Tuesday, June 11, 2013

Karen Brown

Karen Brown is the author of Little Sinners and Other Stories, which was named a Best Book of 2012 by Publishers Weekly, and Pins and Needles: Stories, which was the recipient of AWP’s Grace Paley Prize for Short Fiction. Her new novel is The Longings of Wayward Girls.

From Brown's Q & A  with writer Caroline Leavitt:

So much of The Longings of Wayward Girls (great title, by the way) is about memory, the things we try to forget, and how memory is often transformed by time. Can you talk a bit about that, please?

Growing up I had a best friend who moved away when I was five. Years later, in middle school, she reappeared to tell what seemed to be outrageous stories about me. Had I really been so painfully shy in kindergarten that she had to speak to the teacher on my behalf?

“Mrs. Susskey,” she’d say. “Karen wants to know if she can get another piece of paper.”

I’d always believed I had an excellent memory—and yet either I had somehow forgotten part of the past, or my friend—who had no reason to lie, was making it all up. I became intrigued with the versions of the past we tell ourselves—how our memories are unintentionally faulty, and we cannot always remember correctly. Misremembering is a fascinating aspect of characterization.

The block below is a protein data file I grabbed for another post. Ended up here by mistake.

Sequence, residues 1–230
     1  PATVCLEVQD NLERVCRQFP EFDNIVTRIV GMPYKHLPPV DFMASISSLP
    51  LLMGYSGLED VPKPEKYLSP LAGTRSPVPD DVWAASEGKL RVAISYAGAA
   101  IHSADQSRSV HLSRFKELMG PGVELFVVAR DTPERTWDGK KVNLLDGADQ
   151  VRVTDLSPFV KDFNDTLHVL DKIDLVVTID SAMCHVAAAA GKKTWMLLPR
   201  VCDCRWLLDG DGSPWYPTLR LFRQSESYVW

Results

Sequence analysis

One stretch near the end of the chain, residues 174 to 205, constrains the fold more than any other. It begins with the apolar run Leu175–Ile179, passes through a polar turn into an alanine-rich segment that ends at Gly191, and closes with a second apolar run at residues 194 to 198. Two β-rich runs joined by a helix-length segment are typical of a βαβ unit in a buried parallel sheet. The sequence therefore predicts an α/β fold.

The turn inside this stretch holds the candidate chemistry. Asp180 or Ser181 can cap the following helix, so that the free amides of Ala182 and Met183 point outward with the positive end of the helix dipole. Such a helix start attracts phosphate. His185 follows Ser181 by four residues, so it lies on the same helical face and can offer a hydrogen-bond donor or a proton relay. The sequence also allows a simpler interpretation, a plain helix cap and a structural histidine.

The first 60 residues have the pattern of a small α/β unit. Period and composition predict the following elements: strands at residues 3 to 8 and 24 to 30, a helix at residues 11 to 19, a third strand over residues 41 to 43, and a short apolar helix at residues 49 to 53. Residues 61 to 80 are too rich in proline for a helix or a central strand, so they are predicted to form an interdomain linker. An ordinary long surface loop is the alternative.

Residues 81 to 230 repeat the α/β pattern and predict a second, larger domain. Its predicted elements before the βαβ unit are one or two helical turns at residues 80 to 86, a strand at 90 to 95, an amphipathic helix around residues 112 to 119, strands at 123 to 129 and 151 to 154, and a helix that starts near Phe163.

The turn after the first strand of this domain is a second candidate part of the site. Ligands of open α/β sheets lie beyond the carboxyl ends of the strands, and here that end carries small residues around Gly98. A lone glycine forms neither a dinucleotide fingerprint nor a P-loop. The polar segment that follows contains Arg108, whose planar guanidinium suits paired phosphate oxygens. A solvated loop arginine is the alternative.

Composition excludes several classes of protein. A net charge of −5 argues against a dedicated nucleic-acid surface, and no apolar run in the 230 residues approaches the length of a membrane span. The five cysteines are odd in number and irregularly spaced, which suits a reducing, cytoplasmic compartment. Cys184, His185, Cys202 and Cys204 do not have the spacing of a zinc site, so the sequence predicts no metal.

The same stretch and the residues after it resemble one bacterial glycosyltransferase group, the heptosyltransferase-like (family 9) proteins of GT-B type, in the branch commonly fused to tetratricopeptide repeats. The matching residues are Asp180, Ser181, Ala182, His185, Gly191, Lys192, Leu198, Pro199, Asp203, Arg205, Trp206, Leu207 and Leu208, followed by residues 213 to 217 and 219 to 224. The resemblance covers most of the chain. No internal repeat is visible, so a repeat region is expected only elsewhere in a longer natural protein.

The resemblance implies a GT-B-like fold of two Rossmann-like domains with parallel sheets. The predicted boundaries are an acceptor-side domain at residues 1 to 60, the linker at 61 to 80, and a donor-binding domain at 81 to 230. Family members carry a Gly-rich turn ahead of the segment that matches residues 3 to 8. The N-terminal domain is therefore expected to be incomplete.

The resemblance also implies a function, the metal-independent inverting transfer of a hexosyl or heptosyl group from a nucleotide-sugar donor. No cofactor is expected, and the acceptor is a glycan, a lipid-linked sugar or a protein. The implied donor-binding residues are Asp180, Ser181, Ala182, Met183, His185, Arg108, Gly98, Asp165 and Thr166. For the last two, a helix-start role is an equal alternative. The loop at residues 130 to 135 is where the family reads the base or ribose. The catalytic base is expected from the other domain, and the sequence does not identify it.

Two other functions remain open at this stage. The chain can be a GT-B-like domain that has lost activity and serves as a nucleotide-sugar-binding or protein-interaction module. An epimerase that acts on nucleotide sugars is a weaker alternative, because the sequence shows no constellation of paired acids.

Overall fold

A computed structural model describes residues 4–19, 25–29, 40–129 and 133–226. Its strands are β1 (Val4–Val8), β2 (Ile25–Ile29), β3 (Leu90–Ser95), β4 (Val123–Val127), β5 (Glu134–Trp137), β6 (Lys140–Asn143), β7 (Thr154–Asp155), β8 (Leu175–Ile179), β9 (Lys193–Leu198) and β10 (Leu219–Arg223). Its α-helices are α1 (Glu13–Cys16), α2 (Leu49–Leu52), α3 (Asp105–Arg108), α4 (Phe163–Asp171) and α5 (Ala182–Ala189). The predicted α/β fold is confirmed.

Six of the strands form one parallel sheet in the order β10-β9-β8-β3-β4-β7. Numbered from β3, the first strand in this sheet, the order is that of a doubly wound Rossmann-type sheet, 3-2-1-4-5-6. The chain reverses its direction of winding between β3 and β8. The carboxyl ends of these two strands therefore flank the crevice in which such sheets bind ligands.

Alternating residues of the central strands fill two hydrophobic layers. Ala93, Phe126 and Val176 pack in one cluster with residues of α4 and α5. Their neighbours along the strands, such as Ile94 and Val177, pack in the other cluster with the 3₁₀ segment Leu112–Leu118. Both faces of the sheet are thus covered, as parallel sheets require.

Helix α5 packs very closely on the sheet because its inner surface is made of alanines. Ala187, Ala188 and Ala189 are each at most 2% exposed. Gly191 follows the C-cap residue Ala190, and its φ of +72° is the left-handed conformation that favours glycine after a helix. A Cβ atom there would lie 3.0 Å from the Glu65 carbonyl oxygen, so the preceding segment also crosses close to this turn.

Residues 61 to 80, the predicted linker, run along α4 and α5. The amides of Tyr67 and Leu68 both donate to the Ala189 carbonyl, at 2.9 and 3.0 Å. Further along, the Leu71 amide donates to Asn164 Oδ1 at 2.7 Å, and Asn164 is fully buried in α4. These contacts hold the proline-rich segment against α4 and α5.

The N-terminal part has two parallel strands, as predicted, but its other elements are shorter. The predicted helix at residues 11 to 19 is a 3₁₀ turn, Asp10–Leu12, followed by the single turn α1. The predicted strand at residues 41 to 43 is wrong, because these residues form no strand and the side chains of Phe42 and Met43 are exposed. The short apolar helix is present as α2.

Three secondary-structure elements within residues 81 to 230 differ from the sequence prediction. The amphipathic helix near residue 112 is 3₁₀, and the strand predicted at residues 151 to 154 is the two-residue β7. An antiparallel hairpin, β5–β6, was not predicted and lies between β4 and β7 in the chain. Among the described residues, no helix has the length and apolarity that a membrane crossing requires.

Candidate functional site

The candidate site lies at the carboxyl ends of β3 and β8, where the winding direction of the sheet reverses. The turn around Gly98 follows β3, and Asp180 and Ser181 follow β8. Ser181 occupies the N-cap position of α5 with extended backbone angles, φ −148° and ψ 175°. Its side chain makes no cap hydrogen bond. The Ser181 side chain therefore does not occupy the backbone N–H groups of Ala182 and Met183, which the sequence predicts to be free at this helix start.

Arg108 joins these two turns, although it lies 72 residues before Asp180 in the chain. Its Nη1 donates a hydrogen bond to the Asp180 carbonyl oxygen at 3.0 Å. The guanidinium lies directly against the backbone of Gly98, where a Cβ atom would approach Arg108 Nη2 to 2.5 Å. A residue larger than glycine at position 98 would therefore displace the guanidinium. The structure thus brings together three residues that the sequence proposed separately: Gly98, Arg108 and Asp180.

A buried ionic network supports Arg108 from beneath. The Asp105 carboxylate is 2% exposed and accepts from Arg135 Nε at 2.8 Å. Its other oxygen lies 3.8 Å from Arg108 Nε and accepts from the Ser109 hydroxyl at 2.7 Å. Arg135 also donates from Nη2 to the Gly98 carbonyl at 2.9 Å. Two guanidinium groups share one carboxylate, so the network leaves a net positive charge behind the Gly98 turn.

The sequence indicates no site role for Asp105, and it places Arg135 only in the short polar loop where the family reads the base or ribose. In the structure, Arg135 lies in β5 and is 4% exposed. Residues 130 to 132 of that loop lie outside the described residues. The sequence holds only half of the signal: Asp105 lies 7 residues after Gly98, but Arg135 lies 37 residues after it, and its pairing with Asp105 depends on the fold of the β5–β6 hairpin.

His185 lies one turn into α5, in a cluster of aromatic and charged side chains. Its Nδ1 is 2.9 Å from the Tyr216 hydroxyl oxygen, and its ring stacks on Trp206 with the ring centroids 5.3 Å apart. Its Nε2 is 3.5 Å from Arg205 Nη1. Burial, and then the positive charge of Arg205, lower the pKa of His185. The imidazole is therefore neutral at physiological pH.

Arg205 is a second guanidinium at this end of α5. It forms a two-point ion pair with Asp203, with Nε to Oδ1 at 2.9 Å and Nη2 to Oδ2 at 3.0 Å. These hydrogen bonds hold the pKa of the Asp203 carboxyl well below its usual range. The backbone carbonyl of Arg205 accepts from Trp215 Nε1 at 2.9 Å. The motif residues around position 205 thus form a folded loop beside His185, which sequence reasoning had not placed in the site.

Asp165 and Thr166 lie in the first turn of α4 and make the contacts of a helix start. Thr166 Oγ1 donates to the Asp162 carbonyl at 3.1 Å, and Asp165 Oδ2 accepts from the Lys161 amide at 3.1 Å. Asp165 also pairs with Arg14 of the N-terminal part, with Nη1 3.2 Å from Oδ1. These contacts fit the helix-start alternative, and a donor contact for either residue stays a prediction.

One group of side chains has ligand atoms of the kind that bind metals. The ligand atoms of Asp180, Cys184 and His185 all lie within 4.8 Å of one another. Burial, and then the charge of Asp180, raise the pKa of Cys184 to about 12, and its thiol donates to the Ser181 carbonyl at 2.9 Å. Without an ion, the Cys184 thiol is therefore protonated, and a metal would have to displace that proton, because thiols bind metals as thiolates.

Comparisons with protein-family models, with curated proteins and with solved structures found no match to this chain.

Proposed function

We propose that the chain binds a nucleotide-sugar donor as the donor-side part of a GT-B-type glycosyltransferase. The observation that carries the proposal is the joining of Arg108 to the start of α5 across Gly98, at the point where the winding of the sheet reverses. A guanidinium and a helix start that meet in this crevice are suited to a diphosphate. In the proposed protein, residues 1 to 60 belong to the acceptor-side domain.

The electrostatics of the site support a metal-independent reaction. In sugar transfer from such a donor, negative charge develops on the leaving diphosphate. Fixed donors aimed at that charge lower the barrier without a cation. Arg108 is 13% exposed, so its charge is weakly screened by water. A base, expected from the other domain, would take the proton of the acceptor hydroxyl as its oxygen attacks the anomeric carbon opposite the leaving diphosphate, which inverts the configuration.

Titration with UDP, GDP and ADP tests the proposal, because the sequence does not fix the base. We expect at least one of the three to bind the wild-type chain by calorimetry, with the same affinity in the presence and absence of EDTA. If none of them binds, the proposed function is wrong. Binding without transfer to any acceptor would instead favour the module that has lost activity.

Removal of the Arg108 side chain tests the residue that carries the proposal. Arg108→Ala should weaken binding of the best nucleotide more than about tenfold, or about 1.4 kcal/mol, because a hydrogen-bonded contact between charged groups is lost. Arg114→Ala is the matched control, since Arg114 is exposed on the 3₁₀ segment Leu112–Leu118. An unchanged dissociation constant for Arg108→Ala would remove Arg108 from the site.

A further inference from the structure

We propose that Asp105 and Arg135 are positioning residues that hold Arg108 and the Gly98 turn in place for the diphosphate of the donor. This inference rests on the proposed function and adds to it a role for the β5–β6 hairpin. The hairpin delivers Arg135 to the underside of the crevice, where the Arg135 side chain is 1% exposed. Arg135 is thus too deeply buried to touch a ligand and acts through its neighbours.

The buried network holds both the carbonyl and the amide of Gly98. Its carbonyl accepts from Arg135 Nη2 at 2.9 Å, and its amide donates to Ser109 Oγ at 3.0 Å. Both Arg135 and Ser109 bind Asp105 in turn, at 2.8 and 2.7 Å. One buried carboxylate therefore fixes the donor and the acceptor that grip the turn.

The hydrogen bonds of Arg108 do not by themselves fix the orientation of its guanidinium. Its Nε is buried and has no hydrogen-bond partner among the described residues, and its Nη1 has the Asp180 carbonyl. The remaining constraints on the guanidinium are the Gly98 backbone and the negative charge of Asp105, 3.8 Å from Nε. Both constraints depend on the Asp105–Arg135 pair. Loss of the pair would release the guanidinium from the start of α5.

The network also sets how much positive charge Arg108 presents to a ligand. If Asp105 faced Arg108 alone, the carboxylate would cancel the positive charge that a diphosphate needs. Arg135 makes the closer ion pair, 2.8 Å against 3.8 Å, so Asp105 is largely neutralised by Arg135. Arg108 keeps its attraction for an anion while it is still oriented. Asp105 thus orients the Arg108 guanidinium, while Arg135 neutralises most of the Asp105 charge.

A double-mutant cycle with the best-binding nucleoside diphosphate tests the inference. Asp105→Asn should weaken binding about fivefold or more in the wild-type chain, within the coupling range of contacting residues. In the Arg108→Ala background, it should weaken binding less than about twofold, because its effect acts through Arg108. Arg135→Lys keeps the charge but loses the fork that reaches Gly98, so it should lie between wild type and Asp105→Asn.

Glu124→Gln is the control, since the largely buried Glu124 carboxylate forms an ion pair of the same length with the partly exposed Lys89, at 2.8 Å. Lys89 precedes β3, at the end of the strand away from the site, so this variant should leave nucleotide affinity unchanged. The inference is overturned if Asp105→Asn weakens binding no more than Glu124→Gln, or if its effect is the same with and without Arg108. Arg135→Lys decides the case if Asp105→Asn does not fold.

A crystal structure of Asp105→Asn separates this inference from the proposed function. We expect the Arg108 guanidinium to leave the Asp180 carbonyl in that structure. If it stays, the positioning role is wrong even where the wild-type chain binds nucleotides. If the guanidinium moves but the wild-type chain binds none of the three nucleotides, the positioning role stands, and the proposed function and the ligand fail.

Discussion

Just recently another childhood friend (for whom the novel is dedicated) sent me a photo of a tiny porcelain box decorated with dragonflies that I’d given to her for her birthday when we were young. I never remembered giving her the box, but I recognized it immediately—almost as if I’d stepped through some sort of curtain, or portal, to hold the box in my hands, lift its lid again. I wanted to recreate that feeling in this novel—to have the past be suddenly present and immediate, both new, and yet strikingly familiar.

The novel is set against a backdrop of quaint suburbia, which made me think of how David Lynch used suburbia in Blue Velvet. Why do you think a place like the suburbs is actually the perfect location for something cruel or evil simmering under the placid surface?

It’s an appealing place—so tidy and organized. There are...[read on]
--Marshal Zeringue